4. 4. P a g e 3 | 8 Determine your Total Costs the sum of your Internal Costs (salaries, office space, supplies, general overhead) and your External Costs (all external expenses which are incurred to specifically identify candidates - advertising, contingency and retainer fees, research costs, annual fees for posting jobs on the Internet). Divide your Total Costs by Total Compensation Recruited (TCR) - the sum of the base STARTING salaries for each external hire during their first year. External compensation recruited is the best measure of recruiting production, and the Staffing Efficiency metric will illustrate how efficiently you are bringing in this compensation. Staffing Efficiency = Total Costs/TCR. Staffing Efficiencies in the range of 5% - 9% are considered excellent, and those above 16% indicate some needed attention. However, these ranges can vary by industry, organizational size, and region, and it is best to compare your own results to benchmark data. The hiring manager and recruiter should meet prior to recruiting to review all these areas and determine expectations for each. By proactively taking accountability for their contributions and backing up their assertions with credible metrics, recruiters will actively demonstrate their value to their organization and customers. By using the four core staffing performance metrics to assess their effectiveness, recruiters will be put themselves at the leading edge of the human resources profession that is under increasing pressure to demonstrate its value. It is always far better to lead with metrics than to be asked to produce them.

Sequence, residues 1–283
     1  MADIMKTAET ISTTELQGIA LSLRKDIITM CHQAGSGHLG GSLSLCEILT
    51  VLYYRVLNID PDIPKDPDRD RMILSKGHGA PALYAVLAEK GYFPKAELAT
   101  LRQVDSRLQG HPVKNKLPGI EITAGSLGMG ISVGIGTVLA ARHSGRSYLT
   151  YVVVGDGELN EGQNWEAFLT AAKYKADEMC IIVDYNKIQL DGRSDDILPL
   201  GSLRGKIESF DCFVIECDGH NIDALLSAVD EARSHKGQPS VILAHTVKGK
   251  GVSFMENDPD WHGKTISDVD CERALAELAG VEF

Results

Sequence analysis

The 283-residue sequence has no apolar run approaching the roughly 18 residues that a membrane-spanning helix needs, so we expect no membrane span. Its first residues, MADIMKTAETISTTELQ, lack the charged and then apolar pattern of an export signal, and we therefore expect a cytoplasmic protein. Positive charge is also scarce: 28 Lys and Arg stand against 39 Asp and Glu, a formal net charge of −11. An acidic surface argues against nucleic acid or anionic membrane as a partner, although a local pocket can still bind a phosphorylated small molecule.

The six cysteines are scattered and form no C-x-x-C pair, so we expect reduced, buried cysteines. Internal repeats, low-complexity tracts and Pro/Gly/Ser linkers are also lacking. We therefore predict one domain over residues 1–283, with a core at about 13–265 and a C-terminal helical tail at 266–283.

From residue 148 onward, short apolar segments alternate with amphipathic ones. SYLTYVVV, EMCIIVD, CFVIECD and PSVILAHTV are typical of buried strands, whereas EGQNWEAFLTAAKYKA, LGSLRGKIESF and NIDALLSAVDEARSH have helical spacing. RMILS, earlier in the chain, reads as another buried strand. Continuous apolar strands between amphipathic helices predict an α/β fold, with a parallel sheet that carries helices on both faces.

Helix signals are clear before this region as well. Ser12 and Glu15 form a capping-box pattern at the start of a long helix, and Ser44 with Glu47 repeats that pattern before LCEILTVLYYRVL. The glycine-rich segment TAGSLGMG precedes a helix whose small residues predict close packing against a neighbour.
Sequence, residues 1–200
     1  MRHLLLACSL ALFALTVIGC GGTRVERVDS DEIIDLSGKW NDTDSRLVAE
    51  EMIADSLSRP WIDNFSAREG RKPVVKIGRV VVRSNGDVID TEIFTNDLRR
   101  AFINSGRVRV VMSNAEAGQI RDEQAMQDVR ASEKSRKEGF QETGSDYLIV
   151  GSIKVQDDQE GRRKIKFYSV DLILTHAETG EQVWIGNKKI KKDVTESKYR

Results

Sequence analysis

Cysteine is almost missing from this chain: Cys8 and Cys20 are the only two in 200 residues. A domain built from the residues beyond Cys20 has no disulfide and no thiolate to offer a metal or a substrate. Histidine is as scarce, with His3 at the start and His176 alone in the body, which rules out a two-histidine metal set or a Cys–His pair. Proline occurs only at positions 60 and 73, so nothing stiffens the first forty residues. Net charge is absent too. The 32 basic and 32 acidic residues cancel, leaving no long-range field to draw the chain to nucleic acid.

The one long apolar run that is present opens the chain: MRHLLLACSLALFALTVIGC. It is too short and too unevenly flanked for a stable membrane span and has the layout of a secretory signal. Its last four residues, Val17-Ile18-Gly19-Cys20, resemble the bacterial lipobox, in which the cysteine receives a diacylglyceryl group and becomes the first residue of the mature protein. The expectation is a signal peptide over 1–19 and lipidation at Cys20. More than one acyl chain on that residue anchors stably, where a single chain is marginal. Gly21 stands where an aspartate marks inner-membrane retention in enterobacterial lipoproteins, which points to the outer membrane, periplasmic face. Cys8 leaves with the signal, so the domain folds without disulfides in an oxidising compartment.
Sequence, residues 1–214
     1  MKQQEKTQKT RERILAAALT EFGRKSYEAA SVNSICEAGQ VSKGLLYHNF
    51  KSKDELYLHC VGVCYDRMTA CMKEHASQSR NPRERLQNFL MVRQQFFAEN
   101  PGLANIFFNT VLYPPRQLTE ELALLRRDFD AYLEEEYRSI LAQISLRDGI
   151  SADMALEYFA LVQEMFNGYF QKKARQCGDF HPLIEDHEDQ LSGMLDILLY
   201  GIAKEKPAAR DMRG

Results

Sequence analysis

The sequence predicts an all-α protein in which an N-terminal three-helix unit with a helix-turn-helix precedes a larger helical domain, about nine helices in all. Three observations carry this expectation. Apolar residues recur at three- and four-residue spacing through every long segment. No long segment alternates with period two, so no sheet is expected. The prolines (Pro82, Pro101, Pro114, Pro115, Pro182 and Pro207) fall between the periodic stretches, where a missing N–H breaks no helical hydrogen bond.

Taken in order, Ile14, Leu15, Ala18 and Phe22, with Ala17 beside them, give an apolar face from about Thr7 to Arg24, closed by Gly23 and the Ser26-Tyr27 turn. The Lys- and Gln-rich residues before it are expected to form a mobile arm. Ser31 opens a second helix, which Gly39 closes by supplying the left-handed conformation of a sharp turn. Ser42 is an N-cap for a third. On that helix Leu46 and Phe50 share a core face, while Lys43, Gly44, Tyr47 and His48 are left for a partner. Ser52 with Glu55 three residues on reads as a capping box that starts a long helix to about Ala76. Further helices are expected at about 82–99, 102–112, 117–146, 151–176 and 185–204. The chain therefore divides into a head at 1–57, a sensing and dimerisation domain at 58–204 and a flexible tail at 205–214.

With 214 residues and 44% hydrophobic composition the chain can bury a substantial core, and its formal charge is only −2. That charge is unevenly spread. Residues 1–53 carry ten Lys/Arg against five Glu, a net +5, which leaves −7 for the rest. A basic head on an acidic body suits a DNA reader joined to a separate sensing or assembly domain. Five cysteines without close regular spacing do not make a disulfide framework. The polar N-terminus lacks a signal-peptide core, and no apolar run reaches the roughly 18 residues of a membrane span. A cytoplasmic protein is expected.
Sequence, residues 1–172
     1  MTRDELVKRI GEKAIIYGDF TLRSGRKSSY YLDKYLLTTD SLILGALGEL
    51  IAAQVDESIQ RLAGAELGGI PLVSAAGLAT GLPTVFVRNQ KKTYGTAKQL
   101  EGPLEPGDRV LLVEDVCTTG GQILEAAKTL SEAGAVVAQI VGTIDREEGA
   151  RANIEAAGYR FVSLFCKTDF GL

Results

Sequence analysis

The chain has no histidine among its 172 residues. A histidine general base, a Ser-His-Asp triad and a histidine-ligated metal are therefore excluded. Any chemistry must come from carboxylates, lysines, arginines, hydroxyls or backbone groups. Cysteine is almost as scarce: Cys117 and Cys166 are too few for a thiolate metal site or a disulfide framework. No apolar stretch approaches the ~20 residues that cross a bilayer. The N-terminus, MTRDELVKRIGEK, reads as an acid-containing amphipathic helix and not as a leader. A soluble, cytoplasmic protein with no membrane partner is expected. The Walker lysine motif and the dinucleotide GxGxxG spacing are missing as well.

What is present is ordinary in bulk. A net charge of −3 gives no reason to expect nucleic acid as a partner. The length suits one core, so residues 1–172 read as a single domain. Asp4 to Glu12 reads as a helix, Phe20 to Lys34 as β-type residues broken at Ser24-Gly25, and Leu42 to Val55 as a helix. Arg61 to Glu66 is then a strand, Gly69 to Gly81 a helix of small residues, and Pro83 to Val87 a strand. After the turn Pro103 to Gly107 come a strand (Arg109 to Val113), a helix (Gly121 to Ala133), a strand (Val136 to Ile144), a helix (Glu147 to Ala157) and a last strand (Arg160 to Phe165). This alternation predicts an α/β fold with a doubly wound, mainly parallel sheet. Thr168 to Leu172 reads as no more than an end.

5. 5. P a g e 4 | 8 The Recruiter’s Scorecard It is important to realize upfront that many of the criteria listed in this scorecard require data or information that must be collected by central management. If you fail as a manager to take the necessary steps required to gather this information you are (whether intentionally or not) restricting every individual recruiter’s opportunity for praise, recognition, and continuous improvement. It’s also important to note, that it is common knowledge that individual recruiters do not have total control over each of the factors in the hiring process that influence an individual recruiter’s effectiveness. Rather than complaining about this the lack of control, recruiters must instead assume the responsibility of influencing managers and other process owners in order to ensure that the desired results are achieved. Rather than whining or blaming others, recruiters must accept their role as the “captain of the ship” if they are ever to be rated as excellent in recruiting. Following are the metrics recommended for individual recruiters: 1. Performance of hires  Performance appraisal rating of new hires. What was the average performance appraisal score of the people the recruiter hired (ratings after six months and after one year)? How does that average compare to the average performance appraisal rating of all new hires? (This is a measure of the quality or on-the-job performance of the hire.)  The number of new starts. How many new hires resulted from the work of the recruiter? How does it compare to the average number of hires for all recruiters?  Hard-to-fill positions. How many hard-to-fill or key positions were filled as a result of the work of the recruiter? How does it compare to the average number of hard-to-fill hires for all recruiters?  Voluntary turnover. What was the voluntary turnover rate of new hires (at the end of six months, and the first year)? How does it compare to the average voluntary turnover rate of all new hires?  Involuntary turnover. What percentage of new hires had to be terminated within the first year? How does that percentage compare to the average involuntary turnover rate of all new hires?